As part of a student design competition, a rectenna was developed for scavenging energy at 800 MHz.
Energy is a valuable resource that can be harvested from many different sources, including from wireless radio signals. Armed with an efficient rectenna, which is a combination of an antenna and a rectifying circuit, an electronic device can literally extract dc power from the air, so as to power an electronic device and/or recharge its batteries.
As part of the recent International Microwave Symposium (IMS) student design competition for wireless energy harvesting, students were invited to share their design efforts on developing rectennas for use at different wireless frequency bands. Valentina Palazzi of the University of Perugia and Massimo Del Prete and Marco Fantuzzi of the University of Bologna, both in Italy, rose to the challenge . They developed a broadband rectenna with 25% bandwidth centered at 800 MHz (700 to 900 MHz).
The student engineers experimented with the mechanical configuration of the antenna design, choosing a planar antenna with a tapered slot for broad impedance bandwidth and low losses. With the aid of CST Studio Suite electromagnetic (EM) simulation software, the students were able to simulate and optimize the performance of the planar antenna design to achieve a fractional bandwidth of 22.3%.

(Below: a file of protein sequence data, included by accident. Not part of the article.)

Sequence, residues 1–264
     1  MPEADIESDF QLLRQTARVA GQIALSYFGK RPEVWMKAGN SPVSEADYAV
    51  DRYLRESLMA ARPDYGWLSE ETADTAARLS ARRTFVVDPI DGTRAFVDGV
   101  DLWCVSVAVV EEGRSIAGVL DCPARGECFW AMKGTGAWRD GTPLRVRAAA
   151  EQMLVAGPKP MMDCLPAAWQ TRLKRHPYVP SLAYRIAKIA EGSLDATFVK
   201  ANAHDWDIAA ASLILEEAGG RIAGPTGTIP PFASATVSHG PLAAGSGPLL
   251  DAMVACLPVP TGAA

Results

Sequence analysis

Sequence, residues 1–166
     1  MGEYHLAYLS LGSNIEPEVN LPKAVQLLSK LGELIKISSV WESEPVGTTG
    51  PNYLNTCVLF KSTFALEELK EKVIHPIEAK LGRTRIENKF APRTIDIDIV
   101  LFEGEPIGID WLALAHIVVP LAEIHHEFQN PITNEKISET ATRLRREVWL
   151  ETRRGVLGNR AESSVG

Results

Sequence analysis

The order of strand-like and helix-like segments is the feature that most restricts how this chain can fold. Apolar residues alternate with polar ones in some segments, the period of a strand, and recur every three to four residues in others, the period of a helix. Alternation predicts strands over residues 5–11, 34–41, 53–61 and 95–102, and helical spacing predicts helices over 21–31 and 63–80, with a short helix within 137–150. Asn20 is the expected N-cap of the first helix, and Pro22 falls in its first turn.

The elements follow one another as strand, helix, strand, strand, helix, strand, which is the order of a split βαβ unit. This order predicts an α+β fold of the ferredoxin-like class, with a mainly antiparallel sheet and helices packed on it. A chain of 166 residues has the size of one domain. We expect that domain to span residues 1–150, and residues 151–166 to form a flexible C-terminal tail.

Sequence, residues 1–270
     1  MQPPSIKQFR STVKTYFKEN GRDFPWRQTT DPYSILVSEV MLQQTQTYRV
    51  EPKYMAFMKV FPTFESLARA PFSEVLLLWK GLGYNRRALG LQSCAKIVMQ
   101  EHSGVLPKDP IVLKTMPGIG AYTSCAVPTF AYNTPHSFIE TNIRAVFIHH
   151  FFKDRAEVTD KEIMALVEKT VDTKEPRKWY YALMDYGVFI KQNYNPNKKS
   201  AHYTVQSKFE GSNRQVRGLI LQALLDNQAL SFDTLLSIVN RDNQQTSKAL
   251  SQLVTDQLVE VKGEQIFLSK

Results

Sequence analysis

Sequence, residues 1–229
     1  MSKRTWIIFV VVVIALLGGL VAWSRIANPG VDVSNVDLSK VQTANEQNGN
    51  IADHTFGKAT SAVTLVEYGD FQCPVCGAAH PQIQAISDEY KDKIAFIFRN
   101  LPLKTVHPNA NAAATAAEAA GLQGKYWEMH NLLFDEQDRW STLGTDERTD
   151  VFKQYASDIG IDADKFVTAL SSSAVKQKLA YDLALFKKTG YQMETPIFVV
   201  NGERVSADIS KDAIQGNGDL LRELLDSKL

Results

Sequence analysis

The planar antenna, with dimensions of 130 × 140 × 0.254 mm3, provides maximum gain of 3.6 dBi across the operating bandwidth with input power levels of –10 to 0 dBm. Maximum efficiency is 65%. To complete the rectenna, a number of different commercial diodes were considered for the rectifier circuit design. Once diodes were selected, matching circuits were developed for an efficient connection to the antenna, and multiple measurements were made to confirm that prototype performance was fairly close to computer-simulated performance.
See “Scavenging for Energy,” IEEE Microwave Magazine, Vol. 18, No. 1, January/February 2017, p. 91.